New 70-plate marks arrival of green number plates for electric cars
Tuesday 1 September 2020 marks the arrival of the 70-plate; green number plates for electric cars due this autumn
Tuesday 1 September marks the arrival of the 70-plate number plate, with the new registration being the first to feature a green slash for electric cars.
The first EVs registered with a 70-plate registration are unlikely to get the green plates, which are due this autumn, Nissan has shared images of the green plates being fitted to a Leaf to show how the design will look.
The green strip for EV number plates was announced in June by Transport Secretary Grant Shapps in order to both further raise the profile of battery-powered cars, and pave the way for future incentive schemes that will encourage the take-up of electric vehicles.
Rather than being a fully green plate, EVs will have conventional white and yellow plates on their front and rear, but the plates will feature a green vertical flash on their left-hand side.
The green plates are being spearheaded by the Department for Transport (DfT) ahead of a ban on the sale of all new internal-combustion engined cars from 2035, and the UK’s aim of becoming carbon neutral by 2050.
The plates will make it easier to identify electric cars, enabling local authorities to design and implement new policies that will encourage more people into them, such as cheaper parking and free entry into clean air zones.
London’s Congestion Charge Zone already grants free access to the Capital’s central district for owners of EVs, though drivers must pay £10 and register their electric car, a process that needs renewing every year.
But, even if future clean air zones rely on the same DVLA data rather than green flashes on number plates, ministers may hope that by increasing the prominence of EVs, future car buyers may be nudged into the electric revolution, the green plates acting as something of a badge of virtue.
The move to introduce green number plates followed a consultation launched late last year, with the proposals inspired by a scheme in Ontario, Canada. The Canadian programme sees EV and plug-in hybrid drivers given free access to toll lanes and car-pool lanes, even if only one person is in the car, and has led to an increase in EV purchases.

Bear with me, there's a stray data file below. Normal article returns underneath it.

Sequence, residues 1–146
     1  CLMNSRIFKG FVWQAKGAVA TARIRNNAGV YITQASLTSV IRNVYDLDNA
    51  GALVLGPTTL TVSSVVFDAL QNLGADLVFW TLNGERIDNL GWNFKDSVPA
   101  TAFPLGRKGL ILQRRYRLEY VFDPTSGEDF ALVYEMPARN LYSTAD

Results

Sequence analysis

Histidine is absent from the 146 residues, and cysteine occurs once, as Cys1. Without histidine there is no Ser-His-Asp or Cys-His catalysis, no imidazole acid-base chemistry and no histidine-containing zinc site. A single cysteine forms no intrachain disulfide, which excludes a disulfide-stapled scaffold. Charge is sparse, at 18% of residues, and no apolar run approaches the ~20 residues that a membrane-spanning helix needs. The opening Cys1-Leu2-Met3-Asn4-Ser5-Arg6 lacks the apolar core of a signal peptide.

Concerns have been raised over privacy, though, with fears the plates could make further use of the UK’s vast network of automatic number plate recognition (ANPR) cameras.
The Government’s independent Surveillance Camera Commissioner previously warned green number plates could lead to “an unqualified extension to the role of ANPR”, a network that makes at least 10 billion number plate scans a year, and issues around £100 million in fines annually.
Announcing the green EV number plates back in June, Transport Secretary Grant Shapps said: “A green recovery is key to helping us achieve our net zero carbon commitments while also promoting economic growth.
“Green number plates could unlock a number of incentives for drivers and increase awareness of cleaner vehicles on our roads, showing people that a greener transport future is within our grasp.”
At the same time, the DfT also announced a further £12 million in funding for research into EVs and hydrogen cars, relating both to propulsion systems and infrastructure, money the Transport Secretary says will help UK firms “remain at the forefront of low carbon innovation and research.’’ A further £2 million will be made available for small and medium-sized businesses working on zero-emission research.
Commenting on green plates, Edmund King, AA president, said: “Having a green flash on the number plate may become a badge of honour for some drivers. We support this concept which shows that the EV revolution is now moving from amber to green.”
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